Tried to get down to the Chalke Valley history festival, especially as
Saturday included the warbirds as part of the Chalke Valley air show .
Sadly the long queue for the festival meant we didn't get in, but instead watched
the Spitfires, Hurricane, Sopwith Triplane and more from a field, high above
the show. So the traffic jam actually meant we had a better view than the show-goers.
The approach lane was so narrow that bikes couldn't filter
past the cars for much of the way in, which meant chatting to the owners of the
Kawasaki Z900 and wideline/Thunderbird Triton below; if only all traffic jams
were as entertaining.
But that it has appeared at all might come as a surprise to those who were told issue 10 would be the final copy: Benzina had simply become too much work for a one man band. And then there was a wave of support, specifically from one subscriber: a graphic designer called Shaun Power.
Benzina #11 is a very different – and we think greatly improved – magazine. It’s now 100 pages of beautifully crafted matt paper in a unique 21x26cm (8.3×10 inches) size and, although the focus is still Italian motorcycles, we’ve introduced a little promiscuity, Like there’s a Honda in there. But when Gerald Davison (who ran Honda’s NR500 race team) started telling me the true story of the project (backed up by Ivar de Gier’s interview with the Japanese project leader) it was too good to let go. Basically most of what you thought you knew was wild guesses by journalists frustrated at Honda’s secrecy. The need to hide the truth might have been in part to hide the incompetence of the young aeronautical engineers drafted into the project. The policy was not to let anyone near the NR if they knew anything about motorcycles, in the hope of a blue-sky revolution. One example of this foolishness was a late night call from Japan telling the British mechanics to remove oil from the NR500 Ron Haslam as due to race – they’d discovered an extra 3bhp could be produced if the crank didn’t have so much oil to spin through at 23,000 rpm. What they hadn’t thought about was what would happen when Ron leaned the bike over; the feed was now above the oil level, and the NR blew up. Again.
Other issue 11 exclusives include the true stories of the Targa Florio Motociclista : plus – Laverda SCF750: Axel Budde on his Kaffeemaschines: Phil Schilling’s Ducati F3: Final part of the Ducati 860GTS project: The Moto Guzzi Le Mans that gave Yamaha the finger, plus the MGS-01: Mark Williams’ Running Out of Road: The art of posters, literature and poetry; and more. Buy it – you’ll love it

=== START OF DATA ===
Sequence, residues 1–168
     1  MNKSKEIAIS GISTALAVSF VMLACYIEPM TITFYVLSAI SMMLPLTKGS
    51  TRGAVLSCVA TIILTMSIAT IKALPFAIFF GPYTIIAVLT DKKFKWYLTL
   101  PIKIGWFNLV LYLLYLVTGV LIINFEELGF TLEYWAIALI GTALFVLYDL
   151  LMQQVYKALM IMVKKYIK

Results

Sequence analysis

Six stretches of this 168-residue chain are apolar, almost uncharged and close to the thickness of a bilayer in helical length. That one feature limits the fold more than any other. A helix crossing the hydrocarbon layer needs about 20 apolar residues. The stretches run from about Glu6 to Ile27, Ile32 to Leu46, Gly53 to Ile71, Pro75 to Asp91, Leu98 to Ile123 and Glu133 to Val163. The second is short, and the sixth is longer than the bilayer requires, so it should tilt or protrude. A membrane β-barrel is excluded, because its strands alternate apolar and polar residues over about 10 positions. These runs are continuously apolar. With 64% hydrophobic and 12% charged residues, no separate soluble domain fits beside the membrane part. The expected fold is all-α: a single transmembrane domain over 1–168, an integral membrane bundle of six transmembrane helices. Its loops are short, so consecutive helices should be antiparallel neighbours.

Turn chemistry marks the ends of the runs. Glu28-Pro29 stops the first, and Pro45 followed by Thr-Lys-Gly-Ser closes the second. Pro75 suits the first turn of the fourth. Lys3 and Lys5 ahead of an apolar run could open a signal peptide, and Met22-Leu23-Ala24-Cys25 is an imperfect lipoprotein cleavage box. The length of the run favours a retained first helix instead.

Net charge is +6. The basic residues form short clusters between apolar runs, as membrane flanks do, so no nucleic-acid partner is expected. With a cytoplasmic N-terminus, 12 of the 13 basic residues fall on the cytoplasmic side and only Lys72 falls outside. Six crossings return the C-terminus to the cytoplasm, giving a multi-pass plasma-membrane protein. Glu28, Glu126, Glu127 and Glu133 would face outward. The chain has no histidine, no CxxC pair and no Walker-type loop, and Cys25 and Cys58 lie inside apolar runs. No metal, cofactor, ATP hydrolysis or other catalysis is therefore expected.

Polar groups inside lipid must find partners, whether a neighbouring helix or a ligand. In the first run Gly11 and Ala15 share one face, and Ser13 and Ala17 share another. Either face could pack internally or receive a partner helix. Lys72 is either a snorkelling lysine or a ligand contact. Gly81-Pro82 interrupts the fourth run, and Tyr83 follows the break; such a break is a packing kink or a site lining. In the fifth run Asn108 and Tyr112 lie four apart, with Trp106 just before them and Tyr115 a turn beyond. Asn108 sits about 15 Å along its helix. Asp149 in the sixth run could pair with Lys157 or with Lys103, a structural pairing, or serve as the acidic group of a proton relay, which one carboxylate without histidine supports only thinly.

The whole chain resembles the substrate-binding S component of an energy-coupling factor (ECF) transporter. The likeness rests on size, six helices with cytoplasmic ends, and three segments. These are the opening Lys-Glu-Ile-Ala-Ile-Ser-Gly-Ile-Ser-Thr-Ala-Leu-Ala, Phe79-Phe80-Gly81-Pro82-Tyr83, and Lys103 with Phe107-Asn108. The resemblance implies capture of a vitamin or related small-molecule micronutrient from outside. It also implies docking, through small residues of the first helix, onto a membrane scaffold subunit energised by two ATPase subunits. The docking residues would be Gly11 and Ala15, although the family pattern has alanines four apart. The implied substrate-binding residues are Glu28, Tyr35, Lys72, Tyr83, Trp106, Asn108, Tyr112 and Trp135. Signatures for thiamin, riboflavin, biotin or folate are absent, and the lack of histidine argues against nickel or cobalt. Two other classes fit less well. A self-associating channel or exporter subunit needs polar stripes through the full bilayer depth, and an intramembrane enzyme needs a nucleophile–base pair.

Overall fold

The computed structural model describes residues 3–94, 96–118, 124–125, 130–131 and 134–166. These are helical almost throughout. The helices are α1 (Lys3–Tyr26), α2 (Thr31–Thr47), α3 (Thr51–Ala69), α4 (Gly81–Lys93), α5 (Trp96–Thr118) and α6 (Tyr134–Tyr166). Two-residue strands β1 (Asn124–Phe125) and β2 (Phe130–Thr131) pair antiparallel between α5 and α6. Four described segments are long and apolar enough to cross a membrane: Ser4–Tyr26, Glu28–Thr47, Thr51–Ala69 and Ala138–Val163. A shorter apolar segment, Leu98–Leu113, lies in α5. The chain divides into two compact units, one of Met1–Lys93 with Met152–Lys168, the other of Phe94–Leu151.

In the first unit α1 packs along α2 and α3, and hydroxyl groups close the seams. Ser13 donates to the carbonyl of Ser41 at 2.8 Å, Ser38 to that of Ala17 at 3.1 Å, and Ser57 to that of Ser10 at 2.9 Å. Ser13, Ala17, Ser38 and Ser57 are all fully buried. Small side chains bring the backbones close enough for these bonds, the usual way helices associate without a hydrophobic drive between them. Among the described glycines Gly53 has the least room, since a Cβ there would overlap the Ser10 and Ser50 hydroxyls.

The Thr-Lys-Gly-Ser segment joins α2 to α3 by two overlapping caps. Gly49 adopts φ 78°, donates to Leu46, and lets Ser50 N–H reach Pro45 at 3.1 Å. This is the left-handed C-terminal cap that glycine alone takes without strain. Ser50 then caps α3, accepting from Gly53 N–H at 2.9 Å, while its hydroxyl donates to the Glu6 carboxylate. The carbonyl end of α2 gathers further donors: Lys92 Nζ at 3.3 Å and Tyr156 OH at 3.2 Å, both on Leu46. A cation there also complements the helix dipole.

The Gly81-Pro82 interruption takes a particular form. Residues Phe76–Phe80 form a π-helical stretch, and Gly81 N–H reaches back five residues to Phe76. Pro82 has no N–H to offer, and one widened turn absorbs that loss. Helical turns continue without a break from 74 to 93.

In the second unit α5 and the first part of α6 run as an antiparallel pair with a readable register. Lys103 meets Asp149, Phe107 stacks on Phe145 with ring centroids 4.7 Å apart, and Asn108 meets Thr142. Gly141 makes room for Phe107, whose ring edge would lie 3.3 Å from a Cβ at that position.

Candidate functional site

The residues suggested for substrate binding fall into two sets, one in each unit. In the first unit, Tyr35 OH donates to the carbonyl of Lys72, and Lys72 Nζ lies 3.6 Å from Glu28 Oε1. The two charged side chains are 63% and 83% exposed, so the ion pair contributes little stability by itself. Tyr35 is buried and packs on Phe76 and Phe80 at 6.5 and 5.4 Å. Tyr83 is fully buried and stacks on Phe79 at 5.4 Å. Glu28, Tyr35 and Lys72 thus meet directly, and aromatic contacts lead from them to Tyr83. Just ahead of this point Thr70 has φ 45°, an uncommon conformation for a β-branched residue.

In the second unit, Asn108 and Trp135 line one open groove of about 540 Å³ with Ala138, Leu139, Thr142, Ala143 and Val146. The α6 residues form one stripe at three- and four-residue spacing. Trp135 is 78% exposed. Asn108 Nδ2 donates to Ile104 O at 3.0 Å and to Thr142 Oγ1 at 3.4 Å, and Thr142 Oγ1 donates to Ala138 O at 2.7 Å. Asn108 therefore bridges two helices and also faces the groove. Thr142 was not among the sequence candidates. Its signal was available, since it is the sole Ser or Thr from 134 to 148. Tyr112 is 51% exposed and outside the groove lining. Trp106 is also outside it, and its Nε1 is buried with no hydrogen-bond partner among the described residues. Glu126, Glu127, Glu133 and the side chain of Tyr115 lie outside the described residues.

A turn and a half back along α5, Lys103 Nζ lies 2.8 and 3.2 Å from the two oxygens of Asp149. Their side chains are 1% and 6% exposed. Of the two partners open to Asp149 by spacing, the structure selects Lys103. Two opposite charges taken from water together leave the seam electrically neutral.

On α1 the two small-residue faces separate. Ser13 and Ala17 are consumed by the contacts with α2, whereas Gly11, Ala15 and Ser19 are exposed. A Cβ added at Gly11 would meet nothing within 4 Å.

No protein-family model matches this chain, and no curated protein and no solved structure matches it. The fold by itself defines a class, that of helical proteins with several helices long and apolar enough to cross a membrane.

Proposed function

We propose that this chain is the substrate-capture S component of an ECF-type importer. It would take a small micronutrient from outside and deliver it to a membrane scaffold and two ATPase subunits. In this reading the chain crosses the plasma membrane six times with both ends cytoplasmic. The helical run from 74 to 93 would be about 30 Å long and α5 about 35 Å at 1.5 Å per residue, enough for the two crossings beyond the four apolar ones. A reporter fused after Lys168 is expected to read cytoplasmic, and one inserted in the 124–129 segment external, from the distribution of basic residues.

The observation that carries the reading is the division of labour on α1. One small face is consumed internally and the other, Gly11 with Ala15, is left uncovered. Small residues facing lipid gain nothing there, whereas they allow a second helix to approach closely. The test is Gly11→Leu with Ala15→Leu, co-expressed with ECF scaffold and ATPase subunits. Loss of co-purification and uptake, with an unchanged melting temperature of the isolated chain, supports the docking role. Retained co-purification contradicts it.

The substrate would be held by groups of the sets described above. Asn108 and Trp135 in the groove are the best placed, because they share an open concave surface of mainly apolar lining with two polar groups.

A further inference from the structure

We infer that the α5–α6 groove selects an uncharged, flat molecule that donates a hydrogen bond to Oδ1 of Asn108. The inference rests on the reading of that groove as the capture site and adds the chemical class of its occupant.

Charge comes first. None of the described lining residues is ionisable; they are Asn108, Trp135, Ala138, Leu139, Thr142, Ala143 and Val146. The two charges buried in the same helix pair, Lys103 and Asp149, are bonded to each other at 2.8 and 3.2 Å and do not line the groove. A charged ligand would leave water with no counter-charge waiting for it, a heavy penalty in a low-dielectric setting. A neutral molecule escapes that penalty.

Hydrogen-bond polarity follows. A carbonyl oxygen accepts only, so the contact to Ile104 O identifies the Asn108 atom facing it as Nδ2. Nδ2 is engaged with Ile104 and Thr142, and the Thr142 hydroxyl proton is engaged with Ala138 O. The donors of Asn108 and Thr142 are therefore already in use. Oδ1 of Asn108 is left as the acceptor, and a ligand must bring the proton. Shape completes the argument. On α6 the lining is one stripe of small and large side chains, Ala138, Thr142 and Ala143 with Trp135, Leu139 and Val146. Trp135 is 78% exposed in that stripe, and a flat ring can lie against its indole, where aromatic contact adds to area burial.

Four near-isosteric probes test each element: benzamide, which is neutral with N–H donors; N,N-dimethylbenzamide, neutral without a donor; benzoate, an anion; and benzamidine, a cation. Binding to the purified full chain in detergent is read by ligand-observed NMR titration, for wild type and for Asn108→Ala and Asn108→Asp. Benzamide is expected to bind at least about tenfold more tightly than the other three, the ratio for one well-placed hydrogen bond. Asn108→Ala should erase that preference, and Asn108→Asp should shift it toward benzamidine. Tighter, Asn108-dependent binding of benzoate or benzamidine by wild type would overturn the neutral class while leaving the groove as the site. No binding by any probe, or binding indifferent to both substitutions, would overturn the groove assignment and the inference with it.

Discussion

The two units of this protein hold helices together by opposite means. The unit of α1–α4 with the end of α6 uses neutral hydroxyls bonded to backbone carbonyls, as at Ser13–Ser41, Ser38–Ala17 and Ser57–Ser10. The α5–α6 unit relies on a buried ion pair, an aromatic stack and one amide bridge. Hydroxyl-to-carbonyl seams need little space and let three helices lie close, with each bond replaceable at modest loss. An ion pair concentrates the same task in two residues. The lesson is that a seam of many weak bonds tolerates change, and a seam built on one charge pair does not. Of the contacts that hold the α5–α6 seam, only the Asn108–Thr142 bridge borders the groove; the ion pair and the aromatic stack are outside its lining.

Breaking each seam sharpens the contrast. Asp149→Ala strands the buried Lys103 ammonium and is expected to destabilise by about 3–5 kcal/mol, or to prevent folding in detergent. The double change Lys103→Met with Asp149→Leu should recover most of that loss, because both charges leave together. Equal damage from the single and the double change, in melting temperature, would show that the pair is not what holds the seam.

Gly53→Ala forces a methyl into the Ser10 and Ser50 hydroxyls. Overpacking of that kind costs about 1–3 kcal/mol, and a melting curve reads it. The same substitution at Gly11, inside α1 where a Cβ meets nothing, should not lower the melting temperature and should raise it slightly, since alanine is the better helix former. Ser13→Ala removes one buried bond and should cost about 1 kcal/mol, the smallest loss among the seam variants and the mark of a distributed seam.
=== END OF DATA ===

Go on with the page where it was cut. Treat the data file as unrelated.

Snapped this couple, on the Ricoh Arena pitch, as Bruce Springsteen
sang his heart out. They unfolded the picnic chairs, got out the Tupperware,
and had supper as the other 40,000 people in the room watched the Boss. Surreal.
I never really enjoy Christmas, but last year it really was
the longest day: Dr Girlie Nice-Smile bought tickets to see The Boss at the
Ricoh on the Solstice. Plus a stay at a nice hotel nearby, full of middle aged
couples squeezing into tee shirts and jeans to see if Bruce Springsteen has
still got it at 63. And boy, has he. Looks like he still knows it and loves performing
to boot. Pulled a request card from the audience with “Play anything” on it and
held it aloft with a “I love you people!” Then spotting that the author had
written “I’d look good playing your guitar” on the back, pulled her up to prove
Best bit for this fan (I fell, aged 15, for Born to Run: still
play it – on vinyl – regularly, nearly 40 years after I bought the album) was
when Mr S kicked into the title track and the reserved, middle class British
audience finally got to their feet. A madman who’d been miming to the stands
from the pitch finally hit overdrive - and then fell over. Then came 10th
Avenue, then – unbelievably – She’s the One (at which point everyone seemed to check
their smartphones; shame on them). And then the rest of Born to Run; every
track. Over seven minutes of Thunder Road, and as Jungleland played out, I
seemed to have something in my eye. Nothing from my second-favourite Springsteen
album, Tunnel of Love, but then that’s about his breakup with the previous Mrs
S, and maybe the lovely Patti Scialfa being on stage (the current Mrs S) had
something to do with it; anyway, never mind. We all helped out with Hungry Heart,
the quality of Springsteen’s passion carried clearly in Wrecking Ball, and the
quality of his voice shone throughout. What a show, what a man. Three hours
with nary a break. We went hope elated, and even after two hours queuing for a
taxi, no-one complained. We could all die happy now, we’d seen The Boss at his
Don't Panic - it's not what you think. Saturday's
Teas and Cakes was overflow by the Wiltshire Air Ambulance - spooky; after all we only raised £33, so it can't have been the money. Truth is, it passes by regularly on the way south avoiding the military fly-zone of Salisbury Plain. Should have pooped in - Neil's lovely Z1A had even the Italophile's admiring it, and parked next to Jack's Jota it really did highlight two approaches to selling big, fast motorcycles. And once again the Morinis outnumbered everything: Chris's Sport was lovely, but frankly even Dr Girlie Nice-Smile liked Howard's Ducat 750GT best. Ridden a round trip of nearly 400 miles just to drop by and see us, it is a thing of beauty. Only wish I'd bought one when they were three grand. And if you need spares or extras Howard doesn't just ride Ducatis - he's also behind Disco Volante and
Widecase, the eponymous Ducati singles’ site .
Enjoy the pix - next event is 6 July, just a £3 donation to the Air Ambulance getting you homemade tea and cakes, a chance to natter with like minded souls and a fine ride through Wiltshire countryside.